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heterogeneous computing

A blending of strengths

With the adoption of new device technologies and widespread use of heterogeneous systems, the nature of HPC systems and even the definition of a server are changing. Paul Schreier explains


hen it comes to heterogeneous computing, in the past we’ve looked upon this primarily as adding accelerators (GPUs, FPGAs, vector

processors) to an x86 system. And while there is clearly some important news on the GPU front that I’ll be reporting on in this story, another trend has emerged in the past year: efforts to include low-power processors, found in mobile phones and tablet PCs, into HPC systems. Most interest thus far has been surrounding ARM devices, but there is also some activity with the Intel Atom. Te primary driver of adding such devices is low power, which is a major concern in efforts to build larger, more powerful systems. Such devices are attractive, says Sumit Gupta, manager of Nvidia’s Tesla high-performance GPU computing business unit, because ‘ARM designs its chips starting out with the assumption that they have zero Watts available.’

SoC now also means ‘server on a chip’ How will it be possible to integrate these chips into an HPC system? One answer comes from Calxeda, whose EnergyCore architecture is based on an ARM core. In this regard, the company is taking the established acronym SoC, which for most people has meant ‘System on a Chip’, and instead redubbing it as ‘Server on a Chip’ because this device contains all the functions, except for memory, needed to work as a server. Te EnergyCore ECX-1000 comes with

up to four ARM Cortex-A9 cores, Neon extensions for multimedia and SIMD processing, an integrated floating-point unit, and 4MB of shared ECC L2 cache drop energy


consumption by reducing cache misses. Its server-class I/O controllers support standard interfaces such as SATA and PCI Express, and each SoC contains five fabric links that operate between 1 and 10 Gbps per channel and support a variety of fabric topologies. With node-to-node latency under 200ns, network round-trip times are considerably faster than a traditional top-of-rack switch. To make it easier to integrate EnergyCore

products, Calxeda sells the Quad-Node Reference Design. It holds 16 cores on four EnergyCore SoCs integrated through a network fabric that collectively forms a complete cluster that can be easily expanded with additional cards. Leveraging the integrated I/O capabilities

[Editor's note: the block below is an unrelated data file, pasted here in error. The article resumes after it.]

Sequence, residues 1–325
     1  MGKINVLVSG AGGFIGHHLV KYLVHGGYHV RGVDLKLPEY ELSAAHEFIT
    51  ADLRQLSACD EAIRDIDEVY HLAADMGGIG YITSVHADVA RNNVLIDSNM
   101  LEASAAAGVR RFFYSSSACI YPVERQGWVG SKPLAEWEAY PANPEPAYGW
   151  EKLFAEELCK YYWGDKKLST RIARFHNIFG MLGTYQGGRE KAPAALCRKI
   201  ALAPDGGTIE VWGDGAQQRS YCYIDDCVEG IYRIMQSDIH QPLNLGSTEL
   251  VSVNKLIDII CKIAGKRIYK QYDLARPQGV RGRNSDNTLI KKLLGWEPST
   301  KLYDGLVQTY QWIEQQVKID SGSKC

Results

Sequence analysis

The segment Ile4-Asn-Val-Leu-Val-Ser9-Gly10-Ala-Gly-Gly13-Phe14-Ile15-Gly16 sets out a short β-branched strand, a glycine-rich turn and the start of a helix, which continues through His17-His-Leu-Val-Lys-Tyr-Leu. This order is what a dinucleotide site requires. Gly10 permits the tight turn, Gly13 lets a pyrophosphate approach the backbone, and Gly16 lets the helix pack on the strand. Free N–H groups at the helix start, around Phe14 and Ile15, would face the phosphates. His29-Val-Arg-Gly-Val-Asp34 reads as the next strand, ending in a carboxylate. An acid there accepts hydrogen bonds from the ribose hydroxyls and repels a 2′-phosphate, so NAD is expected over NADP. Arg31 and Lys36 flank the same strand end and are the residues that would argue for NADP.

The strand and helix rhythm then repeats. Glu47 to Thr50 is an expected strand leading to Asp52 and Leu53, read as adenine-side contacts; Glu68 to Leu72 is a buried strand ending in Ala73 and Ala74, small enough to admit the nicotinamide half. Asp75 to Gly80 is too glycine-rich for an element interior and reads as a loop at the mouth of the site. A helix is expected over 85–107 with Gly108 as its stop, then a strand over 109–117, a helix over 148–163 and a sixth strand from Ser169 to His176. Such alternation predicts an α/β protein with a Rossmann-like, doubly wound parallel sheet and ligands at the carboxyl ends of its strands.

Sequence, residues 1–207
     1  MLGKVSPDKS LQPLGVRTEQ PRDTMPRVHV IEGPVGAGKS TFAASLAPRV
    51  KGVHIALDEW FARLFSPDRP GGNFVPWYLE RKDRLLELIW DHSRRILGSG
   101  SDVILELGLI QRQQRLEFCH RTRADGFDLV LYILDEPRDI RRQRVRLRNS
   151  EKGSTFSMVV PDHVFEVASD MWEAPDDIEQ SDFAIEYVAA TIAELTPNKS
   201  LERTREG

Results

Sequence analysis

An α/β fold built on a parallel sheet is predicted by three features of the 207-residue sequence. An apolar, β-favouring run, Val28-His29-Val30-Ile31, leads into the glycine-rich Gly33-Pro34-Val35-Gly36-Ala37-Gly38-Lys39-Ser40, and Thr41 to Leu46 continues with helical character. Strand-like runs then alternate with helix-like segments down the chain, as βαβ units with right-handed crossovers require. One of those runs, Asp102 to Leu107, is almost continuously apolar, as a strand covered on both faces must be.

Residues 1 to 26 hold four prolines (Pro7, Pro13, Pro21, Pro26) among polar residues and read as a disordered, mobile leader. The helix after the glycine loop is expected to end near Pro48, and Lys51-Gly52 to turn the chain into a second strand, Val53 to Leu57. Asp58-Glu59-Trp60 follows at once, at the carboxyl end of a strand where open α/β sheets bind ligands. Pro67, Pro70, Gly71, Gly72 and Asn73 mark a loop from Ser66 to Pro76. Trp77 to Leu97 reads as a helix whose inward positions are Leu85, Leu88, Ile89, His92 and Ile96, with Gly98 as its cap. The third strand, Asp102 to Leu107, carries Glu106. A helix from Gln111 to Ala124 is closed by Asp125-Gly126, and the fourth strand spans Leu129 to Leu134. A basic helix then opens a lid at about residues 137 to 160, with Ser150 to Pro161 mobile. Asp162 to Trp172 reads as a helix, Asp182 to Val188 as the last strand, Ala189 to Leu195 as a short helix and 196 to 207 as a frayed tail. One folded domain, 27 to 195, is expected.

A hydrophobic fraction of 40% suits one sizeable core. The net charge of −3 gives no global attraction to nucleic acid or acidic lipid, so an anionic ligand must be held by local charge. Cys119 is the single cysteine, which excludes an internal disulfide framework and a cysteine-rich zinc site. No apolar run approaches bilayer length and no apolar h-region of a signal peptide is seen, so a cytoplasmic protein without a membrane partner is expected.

within each processor, the reference card exposes four (of five possible) SATA ports per SoC. Tere is also a slot dedicated per SoC to enable diskless system designs by booting from a microSD memory card. According to Calxeda, EnergyCore is an

architecture intended to dramatically cut power and space requirements for hyperscale computing environments such as scalable analytics, web serving, media streaming, infrastructure and cloud storage. One company very enthusiastic about the

While the SeaMicro SM 10000-XE is based on Intel Atom chips, the company’s new owner, AMD, plans a version with Opteron devices later this year

EnergyCore is Hewlett-Packard, which is using that device in the first development board for its Project Moonshot. Furthermore, notes Ed Turkel, manager, business development, service providers and HPC business, such devices are redefining what a ‘server’ is. We traditionally think of a server as being packaged in a rack or something even larger, but now there’s a 5W server in a chip where each core is independently bootable and can run different soſtware stacks. He adds that Moonshot is not tied exclusively to the ARM and that HP expects to have different low-power processor types; eventually Intel’s Atom.

Purpose-built servers How heterogeneous server configurations using such flexible boards will be set up will vary with the workload. Some scientific applications, for instance, might work best on a system with just a few CPUs to handle housekeeping, but where the ‘heavy liſting’ is done primarily with GPUs. At the Moonshot launch, the design focus was decidedly not HPC; this implementation is better tailored for memory caching, Hadoop and Java applications. ‘However,’ adds Turkel, ‘when we showed our reference design to our

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